NCAA ‘concerned’ about new law in Indiana
The NCAA released a brief statement this afternoon, expressing its concern over the law that many feel could lead to discrimination.“The NCAA national office and our members are deeply committed to providing an inclusive environment for all our events,” NCAA President Mark Emmert said in the statement. “We are especially concerned about how this legislation could affect our student-athletes and employees. We will work diligently to assure student-athletes competing in, and visitors attending, next week’s Men’s Final Four in Indianapolis are not impacted negatively by this bill. Moving forward, we intend to closely examine the implications of this bill and how it might affect future events as well as our workforce.”
The NFL has not yet commented on its position, but on Friday the league did say it was reviewing the law to determine its implications. Jeff Rabjohns, a writer for Peegs.com, tweeted Friday that Indianapolis officials are concerned the Big Ten may consider pulling events from the state.
Indiana hosted Super Bowl XLIX, and the NFL declined to comment on whether an alternate site had been identified if the law passed. Arizona Gov. Jan Brewer vetoed the bill.
Indiana hosts the men’s Final Four next month, the NFL combine and just three years ago hosted the Super Bowl. Leagues across all sports have underscored their policies on tolerance and inclusiveness of all people, so any impression that the law has resulted in discrimination could conceivably prevent Indiana from receiving serious consideration for major events.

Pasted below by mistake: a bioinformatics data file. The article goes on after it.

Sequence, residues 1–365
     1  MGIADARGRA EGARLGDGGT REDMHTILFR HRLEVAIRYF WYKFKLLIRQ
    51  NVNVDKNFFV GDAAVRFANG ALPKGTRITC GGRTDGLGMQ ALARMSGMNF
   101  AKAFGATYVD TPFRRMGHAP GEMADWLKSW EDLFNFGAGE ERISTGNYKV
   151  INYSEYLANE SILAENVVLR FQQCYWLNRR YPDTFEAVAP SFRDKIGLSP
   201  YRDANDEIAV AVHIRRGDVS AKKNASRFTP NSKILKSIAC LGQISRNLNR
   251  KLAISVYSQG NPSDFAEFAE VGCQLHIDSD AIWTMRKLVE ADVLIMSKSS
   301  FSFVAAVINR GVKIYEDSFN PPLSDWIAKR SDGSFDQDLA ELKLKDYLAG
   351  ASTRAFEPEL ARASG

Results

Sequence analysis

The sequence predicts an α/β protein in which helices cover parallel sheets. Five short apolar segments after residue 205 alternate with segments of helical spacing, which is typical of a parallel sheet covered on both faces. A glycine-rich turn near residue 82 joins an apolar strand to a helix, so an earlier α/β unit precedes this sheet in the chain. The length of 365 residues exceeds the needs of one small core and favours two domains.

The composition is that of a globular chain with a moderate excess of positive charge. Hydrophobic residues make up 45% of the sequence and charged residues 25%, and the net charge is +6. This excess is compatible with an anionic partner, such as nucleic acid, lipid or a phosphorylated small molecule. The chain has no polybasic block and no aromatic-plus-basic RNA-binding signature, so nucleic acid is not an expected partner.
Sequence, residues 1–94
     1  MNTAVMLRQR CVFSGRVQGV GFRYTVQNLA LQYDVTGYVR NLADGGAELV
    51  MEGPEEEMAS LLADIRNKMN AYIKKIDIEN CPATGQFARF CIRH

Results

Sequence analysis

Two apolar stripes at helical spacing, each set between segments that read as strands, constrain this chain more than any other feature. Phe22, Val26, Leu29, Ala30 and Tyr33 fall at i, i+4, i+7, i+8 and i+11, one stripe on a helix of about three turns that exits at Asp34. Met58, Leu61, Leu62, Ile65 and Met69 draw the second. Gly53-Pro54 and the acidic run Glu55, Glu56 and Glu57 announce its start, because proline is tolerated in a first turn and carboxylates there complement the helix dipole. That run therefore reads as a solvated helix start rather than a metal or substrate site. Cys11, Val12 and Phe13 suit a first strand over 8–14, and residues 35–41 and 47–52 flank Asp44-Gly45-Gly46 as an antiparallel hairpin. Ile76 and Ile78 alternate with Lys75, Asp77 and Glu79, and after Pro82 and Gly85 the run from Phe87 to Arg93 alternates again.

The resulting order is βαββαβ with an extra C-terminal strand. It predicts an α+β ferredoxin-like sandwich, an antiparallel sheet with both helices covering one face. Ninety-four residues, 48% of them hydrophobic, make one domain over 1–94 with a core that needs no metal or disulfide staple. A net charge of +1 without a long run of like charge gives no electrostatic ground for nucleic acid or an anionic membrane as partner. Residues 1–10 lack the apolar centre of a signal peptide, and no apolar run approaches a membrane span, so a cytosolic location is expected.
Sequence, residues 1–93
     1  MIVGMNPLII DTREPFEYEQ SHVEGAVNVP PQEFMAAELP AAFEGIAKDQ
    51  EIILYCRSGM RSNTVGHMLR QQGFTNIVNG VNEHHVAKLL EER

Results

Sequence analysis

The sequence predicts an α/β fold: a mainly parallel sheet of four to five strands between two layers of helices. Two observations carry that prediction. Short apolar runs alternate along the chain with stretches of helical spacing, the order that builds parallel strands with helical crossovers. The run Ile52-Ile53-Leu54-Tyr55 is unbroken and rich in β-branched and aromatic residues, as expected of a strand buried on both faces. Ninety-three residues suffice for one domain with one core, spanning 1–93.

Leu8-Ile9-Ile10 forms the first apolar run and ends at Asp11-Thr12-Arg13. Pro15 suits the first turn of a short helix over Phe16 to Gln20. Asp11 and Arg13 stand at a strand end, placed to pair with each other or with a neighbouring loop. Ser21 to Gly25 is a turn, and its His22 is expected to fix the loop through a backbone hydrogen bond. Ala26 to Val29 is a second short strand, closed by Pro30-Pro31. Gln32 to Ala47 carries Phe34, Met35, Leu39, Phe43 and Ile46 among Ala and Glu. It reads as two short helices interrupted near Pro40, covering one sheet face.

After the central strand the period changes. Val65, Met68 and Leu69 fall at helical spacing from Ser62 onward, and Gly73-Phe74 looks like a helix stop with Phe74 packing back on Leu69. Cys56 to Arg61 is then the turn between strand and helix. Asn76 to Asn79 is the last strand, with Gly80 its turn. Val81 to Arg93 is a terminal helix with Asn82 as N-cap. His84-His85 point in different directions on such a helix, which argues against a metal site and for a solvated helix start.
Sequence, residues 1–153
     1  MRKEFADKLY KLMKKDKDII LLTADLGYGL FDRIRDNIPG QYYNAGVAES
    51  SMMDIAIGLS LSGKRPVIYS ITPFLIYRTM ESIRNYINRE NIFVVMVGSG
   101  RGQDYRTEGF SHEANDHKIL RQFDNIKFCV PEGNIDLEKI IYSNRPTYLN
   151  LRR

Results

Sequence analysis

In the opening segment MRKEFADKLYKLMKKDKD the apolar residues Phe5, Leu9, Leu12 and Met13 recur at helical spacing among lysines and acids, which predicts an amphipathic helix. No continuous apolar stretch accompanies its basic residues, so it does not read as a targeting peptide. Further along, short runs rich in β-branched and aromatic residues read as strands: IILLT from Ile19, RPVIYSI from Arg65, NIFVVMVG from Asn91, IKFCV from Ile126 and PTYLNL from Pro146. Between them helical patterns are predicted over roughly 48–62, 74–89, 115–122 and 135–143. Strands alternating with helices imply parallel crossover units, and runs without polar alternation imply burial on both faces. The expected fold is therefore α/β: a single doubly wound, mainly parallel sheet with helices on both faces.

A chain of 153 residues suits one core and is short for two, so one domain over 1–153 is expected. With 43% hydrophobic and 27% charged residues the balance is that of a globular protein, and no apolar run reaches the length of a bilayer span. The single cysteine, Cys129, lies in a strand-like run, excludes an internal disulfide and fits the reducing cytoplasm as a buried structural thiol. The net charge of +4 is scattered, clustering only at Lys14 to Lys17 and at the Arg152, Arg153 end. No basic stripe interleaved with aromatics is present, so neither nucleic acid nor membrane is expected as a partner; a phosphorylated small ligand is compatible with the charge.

From the Indianapolis Star:
The measure, Senate Bill 101, could allow business owners to refuse services to same-sex couples and has set off a firestorm of controversy. Supporters say it’s needed to protect those with strong religious beliefs from government overreach, but opponents say it would allow discrimination, particularly against gays and lesbians.
Pence has been under intense pressure from opponents. In the past two days, two major Indianapolis conventions have threatened to look elsewhere if Pence signed the bill, and a group of technology executives, including the CEO of Salesforce, have written to the governor to oppose the measure.